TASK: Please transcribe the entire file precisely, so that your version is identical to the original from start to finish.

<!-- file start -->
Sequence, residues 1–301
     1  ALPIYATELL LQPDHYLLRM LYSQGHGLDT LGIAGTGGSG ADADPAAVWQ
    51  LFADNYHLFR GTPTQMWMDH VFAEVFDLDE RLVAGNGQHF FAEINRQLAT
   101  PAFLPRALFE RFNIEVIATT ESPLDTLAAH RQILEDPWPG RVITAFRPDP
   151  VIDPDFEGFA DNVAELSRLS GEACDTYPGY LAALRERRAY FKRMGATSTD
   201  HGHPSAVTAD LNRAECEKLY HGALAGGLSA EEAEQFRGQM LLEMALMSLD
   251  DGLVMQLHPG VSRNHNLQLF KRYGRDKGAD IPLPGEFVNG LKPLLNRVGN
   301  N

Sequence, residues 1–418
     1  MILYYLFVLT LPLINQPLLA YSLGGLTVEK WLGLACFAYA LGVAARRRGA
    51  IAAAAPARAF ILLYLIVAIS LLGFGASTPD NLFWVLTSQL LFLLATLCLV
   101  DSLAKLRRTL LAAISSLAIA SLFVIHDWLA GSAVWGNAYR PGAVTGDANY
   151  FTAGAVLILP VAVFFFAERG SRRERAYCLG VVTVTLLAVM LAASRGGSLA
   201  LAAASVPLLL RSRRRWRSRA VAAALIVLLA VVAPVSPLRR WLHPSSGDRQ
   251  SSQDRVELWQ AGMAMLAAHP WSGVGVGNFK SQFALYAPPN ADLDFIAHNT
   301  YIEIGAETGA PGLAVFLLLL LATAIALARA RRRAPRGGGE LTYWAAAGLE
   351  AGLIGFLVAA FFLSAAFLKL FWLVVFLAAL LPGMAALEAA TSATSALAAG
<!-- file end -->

Sequence, residues 1–301
     1  ALPIYATELL LQPDHYLLRM LYSQGHGLDT LGIAGTGGSG ADADPAAVWQ
    51  LFADNYHLFR GTPTQMWMDH VFAEVFDLDE RLVAGNGQHF FAEINRQLAT
   101  PAFLPRALFE RFNIEVIATT ESPLDTLAAH RQILEDPWPG RVITAFRPDP
   151  VIDPDFEGFA DNVAELSRLS GEACDTYPGY LAALRERRAY FKRMGATSTD
   201  HGHPSAVTAD LNRAECEKLY HGALAGGLSA EEAEQFRGQM LLEMALMSLD
   251  DGLVMQLHPG VSRNHNLQLF KRYGRDKGAD IPLPGEFVNG LKPLLNRVGN
   301  N

Sequence, residues 1–418
     1  MILYYLFVLT LPLINQPLLA YSLGGLTVEK WLGLACFAYA LGVAARRRGA
    51  IAAAAPARAF ILLYLIVAIS LLGFGASTPD NLFWVLTSQL LFLLATLCLV
   101  DSLAKLRRTL LAAISSLAIA SLFVIHDWLA GSAVWGNAYR PGAVTGDANY
   151  FTAGAVLILP VAVFFFAERG SRRERAYCLG VVTVTLLAVM LAASRGGSLA
   201  LAAASVPLLL RSRRRWRSRA VAAALIVLLA VVAPVSPLRR WLHPSSGDRQ
   251  SSQDRVELWQ AGMAMLAAHP WSGVGVGNFK SQFALYAPPN ADLDFIAHNT
   301  YIEIGAETGA PGLAVFLLLL LATAIALARA RRRAPRGGGE LTYWAAAGLE
   351  AGLIGFLVAA FFLSAAFLKL FWLVVFLAAL LPGMAALEAA TSATSALAAG